Writer, artist, and “recovering academic,” Béalleka left a decade-long, tenure-track teaching career as a professor of literature and cultural studies in 2015. A graduate of UT-Austin’s postcolonial literature and theory program, Kenyan-native Béalleka–then known as Lynn Makau–specialized in contemporary, fictional representations of American slavery; queer theory; and transnational feminisms. She coined the term “peculiar intimacies” to describe the complex + troubling history of Black and white America, and received teaching and research awards from the MacArthur Foundation, the American Association of University Women, the Lilly Foundation, and others. Her ongoing recovery has taken several turns, including a transcendent encounter that resulted in claiming (not changing) her name.
As a scholar/consultant, Béalleka offers a critically informed, affective approach to cultural literacy that invites clients to study deeply-held beliefs about themselves to better understand their role in perpetuating divisiveness. Her clients include numerous arts and education organizations, entertainment producers, and government agencies. Her commitment to accessible spiritual journeying brought her to the Global Solar Eclipse Festival where, in 2017, she presented on consent, privilege, and entitlement within otherwise conscious communities.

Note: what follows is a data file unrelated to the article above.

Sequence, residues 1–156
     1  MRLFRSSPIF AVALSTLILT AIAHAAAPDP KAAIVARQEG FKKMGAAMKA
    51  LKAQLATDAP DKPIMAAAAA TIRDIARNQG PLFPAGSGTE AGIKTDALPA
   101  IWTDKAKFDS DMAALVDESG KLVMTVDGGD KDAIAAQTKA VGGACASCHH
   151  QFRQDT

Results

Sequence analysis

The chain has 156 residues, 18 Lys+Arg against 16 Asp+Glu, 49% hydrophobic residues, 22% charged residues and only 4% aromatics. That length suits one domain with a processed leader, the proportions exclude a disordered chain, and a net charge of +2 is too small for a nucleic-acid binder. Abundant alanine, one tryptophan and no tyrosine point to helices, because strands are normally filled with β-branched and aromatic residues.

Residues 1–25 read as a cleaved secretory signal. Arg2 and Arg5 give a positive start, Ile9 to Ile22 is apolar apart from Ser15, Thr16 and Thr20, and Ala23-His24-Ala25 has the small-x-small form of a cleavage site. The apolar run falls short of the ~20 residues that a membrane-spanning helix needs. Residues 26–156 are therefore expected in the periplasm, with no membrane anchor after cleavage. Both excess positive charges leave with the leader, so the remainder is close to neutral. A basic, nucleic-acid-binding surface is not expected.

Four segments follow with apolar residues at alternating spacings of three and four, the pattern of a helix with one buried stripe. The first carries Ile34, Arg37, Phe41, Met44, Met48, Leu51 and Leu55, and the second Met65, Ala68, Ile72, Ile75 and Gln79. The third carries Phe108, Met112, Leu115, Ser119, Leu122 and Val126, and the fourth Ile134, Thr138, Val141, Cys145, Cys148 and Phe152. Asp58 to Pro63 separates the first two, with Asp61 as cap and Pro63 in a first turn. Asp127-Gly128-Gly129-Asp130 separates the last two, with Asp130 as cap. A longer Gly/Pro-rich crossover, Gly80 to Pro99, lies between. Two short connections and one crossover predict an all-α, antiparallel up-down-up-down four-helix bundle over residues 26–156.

A visibly raced and gendered veteran storyteller in Portland, Oregon–the whitest urban center in the U.S.–Béalleka also facilitates “Self-Care as Resistance,” or SCARS, a seminar she co-created for Black women’s survival in predominately white spaces. She is deeply inspired by the life and literature of Octavia E. Butler, and offers public education courses on Butler, Toni Morrison, Jesmyn Ward, Claudia Rankine, and James Baldwin, whose writing and reception inspired her seminar, “I Am Not Your Negro Woman: Intersectionality and the Black Female Subject.” She currently resides in northern New Mexico where she’s writing a memoir and developing curricula funded by Oregon’s Regional Arts & Culture Council.